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My 7-Year-Old Son Said He'd Kick His Sister In The Nuts. Here's Why I Chose To Tell The Truth Then.

The biggest misconception around is that there is some magical age that will denote the "appropriate" time for parents and kids to have "The Talk." Notice the singular noun.Open dialogue doesn't come from one talk. That's not gonna cover everything they need to know! It starts when they're little kids, from the first time they inappropriately but innocently play with their genitals in front of company like "no big deal," and you stay calm and convene with junior in the next room to quietly, rationally explain that touching yourself is perfectly fine, and lots of people like to do it but that it's just something people do when they have privacy in their own room or the bathroom. See? No shame about it, no threats, no scandal. You just arm the kid with facts so they can navigate the world like a boss.It comes from setting the record straight when they're 7 years old and they threaten to kick their sibling in whatever set of genitals the sibling doesn't have. You've given them valuable information so they're not making empty threats against their archnemesis and then being mercilessly mocked.Little by little, by the time they're curious about sex, they'll have learned a lot already about it from YOU, their parent, the person they look to and trust the most to give them the facts. They'll feel comfortable asking you new, trickier questions, and you'll feel more comfortable answering them because you'll have had practice.You can do this! The video below has plenty of great tips.

My 7-Year-Old Son Said He'd Kick His Sister In The Nuts. Here's Why I Chose To Tell The Truth Then.
Photo by Louis Hansel on Unsplash
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This story was originally shared on Capital One.

Inside the walls of her kitchen at her childhood home in Guatemala, Evelyn Klohr, the founder of a Washington, D.C.-area bakery called Kakeshionista, was taught a lesson that remains central to her business operations today.

"Baking cakes gave me the confidence to believe in my own brand and now I put my heart into giving my customers something they'll enjoy eating," Klohr said.

While driven to launch her own baking business, pursuing a dream in the culinary arts was economically challenging for Klohr. In the United States, culinary schools can open doors to future careers, but the cost of entry can be upwards of $36,000 a year.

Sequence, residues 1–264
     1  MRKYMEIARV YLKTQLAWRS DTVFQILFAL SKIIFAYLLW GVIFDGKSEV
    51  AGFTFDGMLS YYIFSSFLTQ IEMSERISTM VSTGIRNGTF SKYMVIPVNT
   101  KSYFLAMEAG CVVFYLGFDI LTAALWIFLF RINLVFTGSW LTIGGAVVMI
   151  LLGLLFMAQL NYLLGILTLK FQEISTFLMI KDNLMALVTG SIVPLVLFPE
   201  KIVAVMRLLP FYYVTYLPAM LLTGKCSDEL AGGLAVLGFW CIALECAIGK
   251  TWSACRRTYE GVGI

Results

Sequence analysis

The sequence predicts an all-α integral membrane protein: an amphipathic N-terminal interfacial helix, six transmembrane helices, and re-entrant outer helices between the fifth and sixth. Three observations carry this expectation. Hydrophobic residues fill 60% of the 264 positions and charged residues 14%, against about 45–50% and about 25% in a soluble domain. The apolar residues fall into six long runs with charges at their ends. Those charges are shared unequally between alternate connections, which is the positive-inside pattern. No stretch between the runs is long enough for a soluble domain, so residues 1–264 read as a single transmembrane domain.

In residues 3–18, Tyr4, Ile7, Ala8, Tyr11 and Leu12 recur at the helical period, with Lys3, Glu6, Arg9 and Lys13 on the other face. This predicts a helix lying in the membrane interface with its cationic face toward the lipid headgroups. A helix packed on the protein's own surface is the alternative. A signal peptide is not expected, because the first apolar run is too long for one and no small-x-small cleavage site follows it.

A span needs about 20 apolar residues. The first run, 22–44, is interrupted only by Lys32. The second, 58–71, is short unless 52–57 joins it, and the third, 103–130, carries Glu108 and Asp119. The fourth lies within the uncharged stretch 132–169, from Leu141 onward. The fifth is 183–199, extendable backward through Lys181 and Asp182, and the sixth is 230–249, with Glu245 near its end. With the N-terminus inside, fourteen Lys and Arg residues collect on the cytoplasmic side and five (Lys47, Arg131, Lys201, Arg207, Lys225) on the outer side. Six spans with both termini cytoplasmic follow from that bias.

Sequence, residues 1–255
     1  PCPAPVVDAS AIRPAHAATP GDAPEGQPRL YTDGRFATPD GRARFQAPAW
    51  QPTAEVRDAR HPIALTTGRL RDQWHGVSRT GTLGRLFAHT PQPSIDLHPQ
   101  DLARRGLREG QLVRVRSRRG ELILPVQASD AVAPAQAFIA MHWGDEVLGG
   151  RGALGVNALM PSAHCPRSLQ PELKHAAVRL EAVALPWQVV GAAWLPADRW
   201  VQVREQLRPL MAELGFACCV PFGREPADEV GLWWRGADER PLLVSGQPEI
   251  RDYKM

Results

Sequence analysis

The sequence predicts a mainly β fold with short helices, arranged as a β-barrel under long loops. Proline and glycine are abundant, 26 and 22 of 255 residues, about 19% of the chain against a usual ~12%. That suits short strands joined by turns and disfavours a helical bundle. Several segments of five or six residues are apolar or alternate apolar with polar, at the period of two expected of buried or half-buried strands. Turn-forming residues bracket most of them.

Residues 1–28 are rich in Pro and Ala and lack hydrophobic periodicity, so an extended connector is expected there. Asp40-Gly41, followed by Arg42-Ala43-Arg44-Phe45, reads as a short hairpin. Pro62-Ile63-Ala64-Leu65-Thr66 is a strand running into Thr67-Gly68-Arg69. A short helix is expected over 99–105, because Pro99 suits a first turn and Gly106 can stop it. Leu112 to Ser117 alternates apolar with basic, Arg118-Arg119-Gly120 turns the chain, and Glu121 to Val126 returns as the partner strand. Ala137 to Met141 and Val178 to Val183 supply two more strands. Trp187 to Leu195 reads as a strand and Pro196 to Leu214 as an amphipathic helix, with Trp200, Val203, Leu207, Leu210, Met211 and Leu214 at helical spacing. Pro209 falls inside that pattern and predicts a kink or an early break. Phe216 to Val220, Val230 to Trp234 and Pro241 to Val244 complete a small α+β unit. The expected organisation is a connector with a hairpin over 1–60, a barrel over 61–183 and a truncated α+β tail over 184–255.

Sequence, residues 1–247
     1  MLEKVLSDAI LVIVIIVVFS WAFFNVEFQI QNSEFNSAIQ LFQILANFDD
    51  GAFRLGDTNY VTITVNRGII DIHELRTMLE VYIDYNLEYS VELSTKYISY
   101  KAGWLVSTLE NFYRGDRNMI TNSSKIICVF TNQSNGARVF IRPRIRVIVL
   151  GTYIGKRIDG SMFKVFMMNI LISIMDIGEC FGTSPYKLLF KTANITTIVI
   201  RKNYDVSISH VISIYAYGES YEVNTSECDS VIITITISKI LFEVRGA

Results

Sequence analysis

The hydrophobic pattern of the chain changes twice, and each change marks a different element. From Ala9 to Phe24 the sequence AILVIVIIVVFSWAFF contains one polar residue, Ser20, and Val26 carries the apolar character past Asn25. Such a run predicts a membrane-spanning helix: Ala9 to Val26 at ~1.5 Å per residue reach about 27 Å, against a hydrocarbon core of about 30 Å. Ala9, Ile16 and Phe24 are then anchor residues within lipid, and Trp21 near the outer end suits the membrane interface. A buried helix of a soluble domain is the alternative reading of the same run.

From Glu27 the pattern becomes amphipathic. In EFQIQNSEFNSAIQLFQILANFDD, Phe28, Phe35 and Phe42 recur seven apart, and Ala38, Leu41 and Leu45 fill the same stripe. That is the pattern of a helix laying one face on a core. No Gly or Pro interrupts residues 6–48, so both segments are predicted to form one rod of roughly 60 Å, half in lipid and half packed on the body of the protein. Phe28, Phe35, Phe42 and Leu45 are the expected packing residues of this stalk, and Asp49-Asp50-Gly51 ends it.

Through a friend, Klohr learned about La Cocina VA, a nonprofit dedicated to providing job training and entrepreneurship development services at a training facility in the Washington, D.C-area.

La Cocina VA's, which translates to "the kitchen" in Spanish, offers its Bilingual Culinary Training program to prepare low-and moderate-income individuals from diverse backgrounds to launch careers in the food industry.

That program gave Klohr the ability to fully immerse herself in the baking industry within a professional kitchen facility and receive training in an array of subjects including culinary skills, food safety, career development and English language classes.

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Vanna White appeared on "The Price Is Right" in 1980.

Vanna White has been a household name in the United States for decades, which is kind of hilarious when you consider how she gained her fame and fortune. Since 1982, the former model and actress has made millions walking back and forth turning letters (and later simply touching them—yay technology) on the game show "Wheel of Fortune."

That's it. Walking back and forth in a pretty evening gown, flipping letters and clapping for contestants. More on that job in a minute…

As a member of Gen X, television game shows like "Wheel of Fortune" and "The Price is Right" send me straight back to my childhood. Watching this clip from 1980 of Vanna White competing on "The Price is Right" two years before she started turning letters on "Wheel of Fortune" is like stepping into a time machine. Bob Barker's voice, the theme music, the sound effects—I swear I'm home from school sick, lying on the ugly flowered couch with my mom checking my forehead and bringing me Tang.

This video has it all: the early '80s hairstyles, a fresh-faced Vanna White and Bob Barker's casual sexism that would never in a million years fly today.

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